DUID in California
Posted By Law Offices of Scott Henry || Jul 25, 2016
DUID in California
Like driving under the influence of alcohol, driving under the influence of drugs is illegal in the state of California. However, there is no straightforward measurement for determining the degree of a person's impairment under the influence of drugs that is comparable to the Breathlyzer.
As a result, a California police officer who suspects someone of driving while under the influence of prescription, non-prescription, illegal or even over-the-counter drugs may call in a Drug Recognition Evaluator. Also known as a DRE, this is a person who is trained to recognize the signs of drug use in a driver. The International Associate of Chiefs of Police and the National Highway Traffic Safety Administration work together to train DREs.
How a DRE Works
Once a DRE arrives at the scene, they will perform a number of tests including the ones below:
- test of blood alcohol content
- eye exam
- field sobriety test
The person may also be questioned and subject to further testing.
There are several specific signs a DRE will look for to determine whether a person is under the influence of marijuana:
- odor of marijuana
- dilated pupils
- struggling with short-term memory
- elevated blood pressure
- elevated pulse
Based on the findings of the DRE, the person may be charge with DUID.
A DRE will testify in court against the person. It is possible to call this testimony into question, but doing so requires a skilled and intelligent DUID lawyer. We are Riverside, San Bernardino and Orange County's Leading DUI Defense Law Firm, and Scott Henry is the area's leading criminal defense lawyer. In a case like this, we can help.
A first-time DUID can result in a maximum of five years of probation, six months in jail, six months of license suspension, $2,600 in penalty assessments and a $1,000 fine, and a requirement to complete a drug treatment or DUI education program. Although the first-time charge is only a misdemeanor except in the case of extenuating circumstances, the penalties are not light, and they increase with further convictions.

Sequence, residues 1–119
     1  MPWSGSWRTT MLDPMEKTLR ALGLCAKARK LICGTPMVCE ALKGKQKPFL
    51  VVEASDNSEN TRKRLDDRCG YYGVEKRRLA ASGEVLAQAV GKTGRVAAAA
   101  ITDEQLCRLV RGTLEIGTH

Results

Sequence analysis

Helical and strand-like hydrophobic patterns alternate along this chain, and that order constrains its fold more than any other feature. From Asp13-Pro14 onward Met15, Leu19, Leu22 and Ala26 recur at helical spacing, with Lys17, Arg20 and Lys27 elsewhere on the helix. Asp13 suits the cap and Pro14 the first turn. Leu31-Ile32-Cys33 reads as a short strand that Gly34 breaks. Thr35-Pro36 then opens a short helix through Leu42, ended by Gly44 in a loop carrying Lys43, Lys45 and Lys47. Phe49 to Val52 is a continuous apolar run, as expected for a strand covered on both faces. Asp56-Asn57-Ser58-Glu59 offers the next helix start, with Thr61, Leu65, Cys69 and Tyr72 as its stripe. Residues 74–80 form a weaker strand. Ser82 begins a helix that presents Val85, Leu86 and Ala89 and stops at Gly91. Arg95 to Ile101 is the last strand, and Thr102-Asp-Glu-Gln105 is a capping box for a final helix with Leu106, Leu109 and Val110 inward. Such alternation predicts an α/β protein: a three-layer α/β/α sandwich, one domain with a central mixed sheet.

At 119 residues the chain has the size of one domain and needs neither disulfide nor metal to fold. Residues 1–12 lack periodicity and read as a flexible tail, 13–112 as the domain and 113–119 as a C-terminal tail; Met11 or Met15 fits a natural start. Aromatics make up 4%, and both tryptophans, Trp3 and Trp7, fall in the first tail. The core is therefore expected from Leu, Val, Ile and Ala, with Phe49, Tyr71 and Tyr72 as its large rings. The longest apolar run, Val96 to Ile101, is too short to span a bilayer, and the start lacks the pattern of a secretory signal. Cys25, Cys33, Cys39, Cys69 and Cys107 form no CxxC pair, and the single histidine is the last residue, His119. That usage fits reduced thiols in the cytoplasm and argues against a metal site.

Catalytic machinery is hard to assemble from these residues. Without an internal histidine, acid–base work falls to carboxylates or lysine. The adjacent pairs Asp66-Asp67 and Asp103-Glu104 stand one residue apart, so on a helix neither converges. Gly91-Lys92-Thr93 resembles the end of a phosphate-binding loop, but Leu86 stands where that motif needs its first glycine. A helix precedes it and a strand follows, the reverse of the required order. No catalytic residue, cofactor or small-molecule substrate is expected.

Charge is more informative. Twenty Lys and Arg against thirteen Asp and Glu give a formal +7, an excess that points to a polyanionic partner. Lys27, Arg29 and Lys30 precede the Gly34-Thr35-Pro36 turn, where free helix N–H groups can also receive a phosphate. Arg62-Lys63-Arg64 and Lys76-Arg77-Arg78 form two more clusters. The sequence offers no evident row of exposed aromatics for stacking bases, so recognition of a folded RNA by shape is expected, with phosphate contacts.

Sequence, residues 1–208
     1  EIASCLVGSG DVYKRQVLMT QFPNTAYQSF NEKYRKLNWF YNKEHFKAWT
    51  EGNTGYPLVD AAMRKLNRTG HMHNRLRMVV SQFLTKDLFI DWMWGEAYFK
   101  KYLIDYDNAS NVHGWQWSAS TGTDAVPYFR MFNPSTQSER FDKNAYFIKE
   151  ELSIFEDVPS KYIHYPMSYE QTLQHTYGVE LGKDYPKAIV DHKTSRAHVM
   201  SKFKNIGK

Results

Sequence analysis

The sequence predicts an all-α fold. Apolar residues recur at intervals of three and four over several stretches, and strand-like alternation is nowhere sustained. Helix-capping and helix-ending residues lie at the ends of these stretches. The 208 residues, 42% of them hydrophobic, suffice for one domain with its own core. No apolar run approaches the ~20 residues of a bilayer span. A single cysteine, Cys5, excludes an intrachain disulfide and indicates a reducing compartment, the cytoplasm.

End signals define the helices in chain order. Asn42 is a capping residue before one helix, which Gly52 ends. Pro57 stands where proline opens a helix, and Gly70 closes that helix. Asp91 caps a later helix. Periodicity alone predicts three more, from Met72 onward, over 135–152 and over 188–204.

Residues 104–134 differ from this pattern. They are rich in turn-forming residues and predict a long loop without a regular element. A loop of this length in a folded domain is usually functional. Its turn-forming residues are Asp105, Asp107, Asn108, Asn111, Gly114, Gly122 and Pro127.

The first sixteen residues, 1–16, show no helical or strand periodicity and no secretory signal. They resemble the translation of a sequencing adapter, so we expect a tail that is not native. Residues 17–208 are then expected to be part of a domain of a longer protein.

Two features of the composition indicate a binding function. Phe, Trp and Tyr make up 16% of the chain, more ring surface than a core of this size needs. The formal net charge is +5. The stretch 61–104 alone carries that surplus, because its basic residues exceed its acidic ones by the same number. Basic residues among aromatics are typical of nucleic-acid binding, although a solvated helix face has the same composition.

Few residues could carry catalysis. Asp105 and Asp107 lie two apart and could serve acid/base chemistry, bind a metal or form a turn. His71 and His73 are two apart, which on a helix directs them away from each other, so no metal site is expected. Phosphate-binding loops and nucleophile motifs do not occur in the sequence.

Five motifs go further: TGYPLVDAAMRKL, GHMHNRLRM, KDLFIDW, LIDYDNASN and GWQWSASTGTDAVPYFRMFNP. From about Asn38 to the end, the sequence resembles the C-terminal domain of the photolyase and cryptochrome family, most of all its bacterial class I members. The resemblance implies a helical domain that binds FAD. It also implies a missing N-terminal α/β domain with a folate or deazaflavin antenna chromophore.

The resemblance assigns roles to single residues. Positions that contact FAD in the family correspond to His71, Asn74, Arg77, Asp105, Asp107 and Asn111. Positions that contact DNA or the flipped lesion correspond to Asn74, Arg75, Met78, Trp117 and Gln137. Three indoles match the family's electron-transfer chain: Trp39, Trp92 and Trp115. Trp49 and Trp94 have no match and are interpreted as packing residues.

Blood and urine tests are not conclusive in terms of pinpointing when a person used marijuana. They can only determine that a person has done so recently. It could have been several days ago, and the person may be unimpaired. However, driving under the influence of marijuana remains a problem in California with an estimate that 1 in 9 drivers will test positively. In the last decade, motor vehicle deaths connected with marijuana usage have tripled.
People may not consider the danger of over-the-counter drugs such as Benadryl, but these can lead to a DUID just as illegal drugs such as cocaine, heroin and PCP can. Different drugs have different effects on a person's behavior and their driving. For example, methamphetamine may increase a person's aggressiveness while fatigue may result from sedatives. The result of drugs such as "bath salts" can be unpredictable.
The Scope of the Problem
Based on a 2013 survey by the National Institute on Drug Abuse, around 9.9 million people drove in the previous year while under the influence of drugs. An aging population means more people are using prescription medication, and less restrictive laws on marijuana use means that the incidence of people driving under its influence is likely to rise as well. A person who is charged with DUID should contact an attorney.
For more than 8 years, attorney Scott Henry has worked on criminal defense cases. His passion for defending people accused of criminal charges and his knowledgeable approach gets great results for his clients. He has many years of experience with DUI cases. If you need an attorney for your DUID charges in the areas of Riverside, San Bernardino and Orange County, give Scott Henry a call today.